Now I was in a dilemma whether I really needed a leaf cutter bee around my garden or do I need nice looking plants with good-looking leaves on them. I feel we all get into a point of our lives when the good doesn’t come in a form we like it in. We either churn our teeth and accept or whole-heartedly remove them. And then there are those times, we neither want them, nor want to kill them. In the following weeks, I stood there many of the evening with the fly swatter trying to whack out the little one, but every time she was in aim, I would take my hand down thinking she’s doing what she has to do for her young. She’s so busy doing what nature has programmed her to do. She didn’t care where she was or what I was about to do to her, but every day, dawn till dusk, she hurriedly came in search of my garden, sat on each leaf, checked for the best one, sat on it; cut it to a perfect semi circle, tucked it into her little yellow belly and left to her nest where she will cuddle the little one into it filled with a drop of pollen and nectar.

“The search for nature’s truth is in one way hard and in another way easy, for it is evident that no one can master it fully or miss it wholly. But each adds a little to our knowledge of nature, and from all the facts assembled there arises a certain grandeur.” – Aristotle
And that was true; for I never knew there was an insect like this and I never knew she could cut leaves with so much precision and I would have never known that my plants needed her as much as I needed them. Leaf cutter bees are some of the best pollinators and they do no harm to the plants by cutting their leaves. May be the aesthetic beauty goes down a little, but in the end you have a beautiful flowering garden which becomes a pride for you and you alone.

I looked back at my stupid actions, but I feel nice to know that it wasn’t late after all. May be with life, the same things happen to us, we do not foresee, we do not look closer, or may be we don’t bother to know more on many issues which on the outside just look as mere rotten problems which don’t need any attention at all. But deep within lies a purpose, an enigma of details, which will make the difference in our lives. The problems may be big or miniscule but when we look closer; that’s we get that profound vision to know more on the unknown.  The next time you see anything, and if you feel it’s a problem, look closer, understand it better, for; things aren’t always what they seem.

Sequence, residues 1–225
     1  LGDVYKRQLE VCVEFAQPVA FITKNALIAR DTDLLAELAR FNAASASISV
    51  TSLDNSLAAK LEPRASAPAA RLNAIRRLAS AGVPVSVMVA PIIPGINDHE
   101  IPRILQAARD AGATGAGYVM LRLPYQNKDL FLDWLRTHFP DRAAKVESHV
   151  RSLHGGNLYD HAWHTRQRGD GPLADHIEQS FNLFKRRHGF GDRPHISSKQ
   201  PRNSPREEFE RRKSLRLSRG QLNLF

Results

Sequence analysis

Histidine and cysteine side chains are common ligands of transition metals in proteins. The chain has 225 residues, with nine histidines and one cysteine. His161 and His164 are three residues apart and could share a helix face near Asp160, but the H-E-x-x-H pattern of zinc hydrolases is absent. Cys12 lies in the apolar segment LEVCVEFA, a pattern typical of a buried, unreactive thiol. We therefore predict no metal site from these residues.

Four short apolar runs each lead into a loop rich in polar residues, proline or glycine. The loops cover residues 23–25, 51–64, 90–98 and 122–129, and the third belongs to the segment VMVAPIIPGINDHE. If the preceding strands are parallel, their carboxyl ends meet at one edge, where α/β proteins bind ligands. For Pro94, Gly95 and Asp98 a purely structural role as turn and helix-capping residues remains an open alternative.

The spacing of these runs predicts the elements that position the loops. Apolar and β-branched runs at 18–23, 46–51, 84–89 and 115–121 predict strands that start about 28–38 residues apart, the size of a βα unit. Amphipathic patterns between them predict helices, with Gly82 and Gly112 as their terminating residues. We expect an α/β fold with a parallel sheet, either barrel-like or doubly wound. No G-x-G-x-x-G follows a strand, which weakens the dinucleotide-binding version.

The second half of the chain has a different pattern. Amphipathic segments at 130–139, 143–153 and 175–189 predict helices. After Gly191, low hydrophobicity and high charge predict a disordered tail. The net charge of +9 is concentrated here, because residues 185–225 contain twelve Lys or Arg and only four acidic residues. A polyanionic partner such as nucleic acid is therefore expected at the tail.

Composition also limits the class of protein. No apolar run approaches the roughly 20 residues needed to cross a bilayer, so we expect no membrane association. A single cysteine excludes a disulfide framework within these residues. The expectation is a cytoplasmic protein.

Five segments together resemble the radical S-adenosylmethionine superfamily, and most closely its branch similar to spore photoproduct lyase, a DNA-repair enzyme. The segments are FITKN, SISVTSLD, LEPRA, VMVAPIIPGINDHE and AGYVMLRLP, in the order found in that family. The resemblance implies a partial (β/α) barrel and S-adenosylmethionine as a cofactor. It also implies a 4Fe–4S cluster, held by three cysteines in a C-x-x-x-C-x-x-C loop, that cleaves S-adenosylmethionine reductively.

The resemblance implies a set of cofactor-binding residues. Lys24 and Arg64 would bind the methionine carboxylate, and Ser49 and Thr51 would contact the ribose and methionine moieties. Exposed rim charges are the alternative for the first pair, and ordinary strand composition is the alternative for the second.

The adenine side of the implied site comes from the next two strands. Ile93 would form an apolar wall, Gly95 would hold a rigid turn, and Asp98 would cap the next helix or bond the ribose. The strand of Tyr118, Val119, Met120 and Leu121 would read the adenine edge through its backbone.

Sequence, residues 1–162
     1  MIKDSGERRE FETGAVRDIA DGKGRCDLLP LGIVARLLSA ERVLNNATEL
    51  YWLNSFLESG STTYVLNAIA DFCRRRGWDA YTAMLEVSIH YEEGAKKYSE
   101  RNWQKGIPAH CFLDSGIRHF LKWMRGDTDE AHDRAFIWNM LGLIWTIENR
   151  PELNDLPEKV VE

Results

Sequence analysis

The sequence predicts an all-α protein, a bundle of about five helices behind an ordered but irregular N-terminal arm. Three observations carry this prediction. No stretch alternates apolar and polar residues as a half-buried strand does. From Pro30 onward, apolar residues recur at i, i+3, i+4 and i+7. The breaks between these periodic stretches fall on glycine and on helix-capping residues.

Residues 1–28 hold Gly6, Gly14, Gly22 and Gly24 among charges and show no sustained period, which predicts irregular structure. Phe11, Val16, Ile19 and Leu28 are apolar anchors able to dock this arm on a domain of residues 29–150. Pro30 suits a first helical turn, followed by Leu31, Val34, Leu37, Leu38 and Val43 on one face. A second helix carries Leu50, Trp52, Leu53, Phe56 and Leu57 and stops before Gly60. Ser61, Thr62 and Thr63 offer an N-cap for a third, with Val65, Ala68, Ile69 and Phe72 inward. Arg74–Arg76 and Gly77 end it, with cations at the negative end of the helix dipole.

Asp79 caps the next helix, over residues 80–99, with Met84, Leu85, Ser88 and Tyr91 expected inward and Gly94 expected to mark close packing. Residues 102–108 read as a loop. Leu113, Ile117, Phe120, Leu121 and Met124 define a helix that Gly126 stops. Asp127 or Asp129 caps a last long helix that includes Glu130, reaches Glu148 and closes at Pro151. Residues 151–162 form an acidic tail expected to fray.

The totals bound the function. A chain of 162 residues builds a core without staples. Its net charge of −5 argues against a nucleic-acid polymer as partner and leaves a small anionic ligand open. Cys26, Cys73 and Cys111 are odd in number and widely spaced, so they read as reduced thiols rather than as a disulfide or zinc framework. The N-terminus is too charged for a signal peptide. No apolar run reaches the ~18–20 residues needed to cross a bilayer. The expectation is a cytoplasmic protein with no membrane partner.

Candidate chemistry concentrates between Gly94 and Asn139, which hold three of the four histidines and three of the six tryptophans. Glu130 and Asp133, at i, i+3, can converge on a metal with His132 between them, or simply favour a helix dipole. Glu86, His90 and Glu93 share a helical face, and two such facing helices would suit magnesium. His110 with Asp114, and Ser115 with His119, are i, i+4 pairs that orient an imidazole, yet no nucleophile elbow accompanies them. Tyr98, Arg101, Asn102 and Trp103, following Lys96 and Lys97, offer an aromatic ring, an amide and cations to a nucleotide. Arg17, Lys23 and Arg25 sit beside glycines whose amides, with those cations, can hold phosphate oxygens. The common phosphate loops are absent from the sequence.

As for her; she flew away, had kids and my garden looks a little clumsy with cut on leaves but it blooming and beautiful to look at. There are many bees, each doing precisely what they’re supposed to do. I sit beside them watching them zoom over, knowing that nature can never be questioned, but just understood; the same way our lives can never be understood, they can just be lived well.

“Aerodynamically, the bumble bee shouldn't be able to fly, but the bumble bee doesn't know it so it goes on flying anyway.” We all know our lives will eventually end one day, but still we fight, struggle and survive and that journey is what makes it all worthwhile."

The first time I saw her; one whack and I wanted to kill her right there, but something kept on telling me that I shouldn’t. I didn’t feel sorry for her, but somewhere I just felt that I was wrong. It’s just an insect damn it, said my mind. But still, I just let go of her, and off she flew with a little leaf bud tucked under her bright yellow belly. I bet she’s coming back!


you have beautifully linked a cute incident to something thatz very vital and grave in life.
keep writing :)